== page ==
Although in US courts the parties generally bear their own legal fees, the Patent Act provides for the award of attorneys’ fees to the prevailing party in “exceptional cases.”  This provision is intended as a deterrent to “improper bringing of clearly unwarranted suits” for patent infringement.

The Federal Circuit affirmed the summary judgment for Octane and also affirmed the district court’s decision on fees.

Octane argued in its petition that the “exceptional-case” standard applied by the Federal Circuit was “inexplicably and unfairly” high and almost impossible for a defendant in a patent infringement case to meet.

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Jury Finds that Google’s Patent License Protects Its Customers

A federal jury in Texas has found that Google’s license with a patent owner prohibits that patent owner from suing Google’s customers for infringement of the licensed patents.

Beneficial Innovations Inc., a Las Vegas-based non-practicing entity (NPE), had sued Google and other defendants in 2007 and 2009 alleging infringement of Beneficial’s patents for online advertising.

One of the patents, filed in 2000 and issued in 2009, is for

A networked system … for presenting advertising during on-line interactions between a user and a service of a network (e.g., the Internet…). Advertisements (ads) are presented to a networked user unrequestedly during user interactions with the service. The user can activate the ads (via hyperlinks) for receiving additional advertising. …

In 2010, Google and Beneficial entered into a license for the two patents at issue.  Google and its YouTube subsidiary were then dismissed from the patent infringement case.

The license agreement covered Google’s customers, but “only to the extent” that the customers’ activities would constitute direct or indirect infringement by Google but for the license.

However, less than a year after the settlement Beneficial sued a number of companies, including five Google customers, for infringement of the same patents.

The Google-Beneficial patent license had left open the issue of whether Google’s customers’ specific activities were covered by the license.

Google intervened in the suit against its customers, claiming that it violated the licensing agreement.  However, the Google-Beneficial patent license was unclear on whether it covered the specific activities challenged by Beneficial in the latest suit.  This was the question the jury decided in Google’s favor.

Google sought only nominal damages in the amount of one dollar, as it was primarily interested in relieving its customers of the burden of the lawsuit.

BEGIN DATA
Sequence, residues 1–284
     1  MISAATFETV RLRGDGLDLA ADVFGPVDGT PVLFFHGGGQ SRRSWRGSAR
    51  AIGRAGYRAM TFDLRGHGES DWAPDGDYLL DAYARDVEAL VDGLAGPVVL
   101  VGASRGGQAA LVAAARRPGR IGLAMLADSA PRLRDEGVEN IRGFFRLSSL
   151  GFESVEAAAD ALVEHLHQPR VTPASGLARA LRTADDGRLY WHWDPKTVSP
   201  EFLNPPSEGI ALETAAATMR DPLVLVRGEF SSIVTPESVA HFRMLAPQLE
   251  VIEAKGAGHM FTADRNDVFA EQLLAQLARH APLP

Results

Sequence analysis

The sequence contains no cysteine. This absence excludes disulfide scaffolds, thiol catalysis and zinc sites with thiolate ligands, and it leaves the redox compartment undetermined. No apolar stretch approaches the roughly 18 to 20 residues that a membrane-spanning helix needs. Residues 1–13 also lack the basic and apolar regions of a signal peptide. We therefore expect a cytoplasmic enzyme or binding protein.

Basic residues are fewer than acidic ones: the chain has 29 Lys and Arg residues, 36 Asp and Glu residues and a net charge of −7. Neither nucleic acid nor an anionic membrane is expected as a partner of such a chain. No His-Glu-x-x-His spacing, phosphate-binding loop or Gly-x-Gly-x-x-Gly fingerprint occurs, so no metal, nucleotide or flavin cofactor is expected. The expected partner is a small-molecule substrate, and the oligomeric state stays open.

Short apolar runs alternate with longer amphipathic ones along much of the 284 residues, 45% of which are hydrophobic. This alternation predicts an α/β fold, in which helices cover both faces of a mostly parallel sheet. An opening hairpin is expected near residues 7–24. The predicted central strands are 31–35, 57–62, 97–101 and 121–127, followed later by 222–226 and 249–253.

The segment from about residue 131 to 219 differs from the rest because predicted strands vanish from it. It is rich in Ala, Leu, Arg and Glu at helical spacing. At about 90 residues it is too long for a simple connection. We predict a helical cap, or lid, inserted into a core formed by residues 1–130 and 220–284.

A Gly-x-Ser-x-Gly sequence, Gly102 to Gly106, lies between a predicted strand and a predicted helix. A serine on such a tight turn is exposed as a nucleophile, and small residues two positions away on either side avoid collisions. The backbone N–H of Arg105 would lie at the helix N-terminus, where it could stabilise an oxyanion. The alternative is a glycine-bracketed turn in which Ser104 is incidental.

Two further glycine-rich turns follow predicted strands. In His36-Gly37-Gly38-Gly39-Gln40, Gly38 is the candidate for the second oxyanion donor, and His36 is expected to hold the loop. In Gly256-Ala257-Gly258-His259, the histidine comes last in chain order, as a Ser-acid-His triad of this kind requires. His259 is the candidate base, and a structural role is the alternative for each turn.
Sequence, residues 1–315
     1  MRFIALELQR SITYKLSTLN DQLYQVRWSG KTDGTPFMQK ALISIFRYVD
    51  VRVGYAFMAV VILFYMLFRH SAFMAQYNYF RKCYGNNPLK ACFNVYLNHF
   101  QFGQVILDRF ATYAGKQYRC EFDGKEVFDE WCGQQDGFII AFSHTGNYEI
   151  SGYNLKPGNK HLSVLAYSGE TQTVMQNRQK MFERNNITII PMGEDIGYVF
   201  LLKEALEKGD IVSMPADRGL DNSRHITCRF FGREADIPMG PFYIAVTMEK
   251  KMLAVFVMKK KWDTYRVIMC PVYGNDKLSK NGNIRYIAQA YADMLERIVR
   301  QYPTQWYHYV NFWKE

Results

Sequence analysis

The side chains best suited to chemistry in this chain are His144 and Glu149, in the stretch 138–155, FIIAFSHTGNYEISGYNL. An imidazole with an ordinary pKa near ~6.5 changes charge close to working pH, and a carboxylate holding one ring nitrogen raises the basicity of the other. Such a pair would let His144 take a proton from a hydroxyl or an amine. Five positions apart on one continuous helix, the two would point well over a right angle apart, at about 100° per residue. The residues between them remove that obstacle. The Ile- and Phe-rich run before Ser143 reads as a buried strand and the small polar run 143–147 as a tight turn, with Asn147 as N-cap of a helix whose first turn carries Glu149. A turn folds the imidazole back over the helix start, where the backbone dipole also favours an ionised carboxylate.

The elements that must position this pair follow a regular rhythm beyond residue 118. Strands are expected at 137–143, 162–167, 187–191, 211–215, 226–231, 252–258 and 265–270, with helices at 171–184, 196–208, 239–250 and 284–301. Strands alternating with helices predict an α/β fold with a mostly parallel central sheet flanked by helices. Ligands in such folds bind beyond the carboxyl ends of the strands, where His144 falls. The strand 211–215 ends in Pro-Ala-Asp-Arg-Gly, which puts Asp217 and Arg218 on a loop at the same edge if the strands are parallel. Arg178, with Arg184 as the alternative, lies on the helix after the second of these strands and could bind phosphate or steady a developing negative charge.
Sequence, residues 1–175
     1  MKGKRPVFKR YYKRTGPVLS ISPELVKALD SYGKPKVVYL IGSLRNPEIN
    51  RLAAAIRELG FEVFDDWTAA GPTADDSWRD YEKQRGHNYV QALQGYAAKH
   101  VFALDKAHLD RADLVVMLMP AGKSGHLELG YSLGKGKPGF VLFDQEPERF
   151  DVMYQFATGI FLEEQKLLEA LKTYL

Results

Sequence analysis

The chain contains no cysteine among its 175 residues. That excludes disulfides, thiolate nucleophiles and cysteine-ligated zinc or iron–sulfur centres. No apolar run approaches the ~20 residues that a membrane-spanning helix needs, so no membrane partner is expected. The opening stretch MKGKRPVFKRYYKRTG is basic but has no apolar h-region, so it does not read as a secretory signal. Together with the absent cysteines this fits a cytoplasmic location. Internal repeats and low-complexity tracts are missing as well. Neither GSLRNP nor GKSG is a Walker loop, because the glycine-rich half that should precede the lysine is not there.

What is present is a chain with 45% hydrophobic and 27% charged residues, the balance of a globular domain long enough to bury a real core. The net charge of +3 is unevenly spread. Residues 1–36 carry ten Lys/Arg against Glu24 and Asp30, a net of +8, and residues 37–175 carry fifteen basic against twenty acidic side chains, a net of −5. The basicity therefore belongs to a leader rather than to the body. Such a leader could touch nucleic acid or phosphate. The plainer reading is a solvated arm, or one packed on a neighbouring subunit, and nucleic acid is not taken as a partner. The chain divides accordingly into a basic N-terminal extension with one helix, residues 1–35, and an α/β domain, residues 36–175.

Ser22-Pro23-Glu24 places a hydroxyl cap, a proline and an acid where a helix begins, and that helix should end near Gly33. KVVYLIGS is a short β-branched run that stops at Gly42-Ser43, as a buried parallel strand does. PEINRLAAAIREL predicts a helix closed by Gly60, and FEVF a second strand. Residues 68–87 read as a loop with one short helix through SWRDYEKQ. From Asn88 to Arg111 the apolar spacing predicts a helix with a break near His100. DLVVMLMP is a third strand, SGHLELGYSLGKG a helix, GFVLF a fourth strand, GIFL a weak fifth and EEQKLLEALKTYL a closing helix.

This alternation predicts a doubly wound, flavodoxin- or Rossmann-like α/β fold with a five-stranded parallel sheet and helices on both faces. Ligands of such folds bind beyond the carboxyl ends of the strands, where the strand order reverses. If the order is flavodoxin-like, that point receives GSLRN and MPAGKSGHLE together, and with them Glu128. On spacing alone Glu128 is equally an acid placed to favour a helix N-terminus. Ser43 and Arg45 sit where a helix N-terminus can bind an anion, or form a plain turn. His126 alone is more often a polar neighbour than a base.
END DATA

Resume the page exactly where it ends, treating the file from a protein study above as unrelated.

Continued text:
Although the case had a positive outcome for Google, it is possible that it could have been avoided with a more carefully drafted license agreement that spelled out the full range of potential uses by Google customers.

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Federal Circuit Upholds Invalidity of Patent in Case against Warner and CBS

The Federal Circuit Court of Appeals has upheld a trial court’s ruling that invalidated a patent owned by CyberFone Systems LLC on the basis that it covered an abstract concept rather than a patentable invention.

CyberFone owned US Patent No. 8,019, 060, issued in 2011, for a “Telephone/transaction entry device and system for entering transaction data into databases.”  According to the patent abstract,

Transaction data is entered by the user in response to prompts in a template. The template and entered data are accumulated into data transactions which are exploded and sent to an external database servers [sic] for processing and storage. Each database server may explode the data transaction to produce ancillary records which are then stored, and/or forwards the data transaction or some or all of the ancillary records to other database servers for updating other databases associated with those database servers. The database server(s) may also return data streams for use in completing the fields in the data transaction.

Soon after the patent was issued, CyberFone sued 81 defendants for infringement.  The defendants included news and media companies such as Warner Bros., CBS, Yahoo, Twitter, and LinkedIn.

The defendants moved for summary judgment on the grounds that the patent’s claims described only an abstract idea.

The district court judge agreed, saying:

The patent, broken down into its component parts, recites steps by which data is obtained, sorted and stored.  These steps represent nothing more than a disembodied concept of data sorting and storage.

The Circuit Court found that the patent unfairly purported to give CyberFone ownership of a basic idea:

Here, the well-known concept of categorical data storage, i.e., the idea of collecting information in classified form, then separating and transmitting that information according to its classification, is an abstract idea that is not patent-eligible.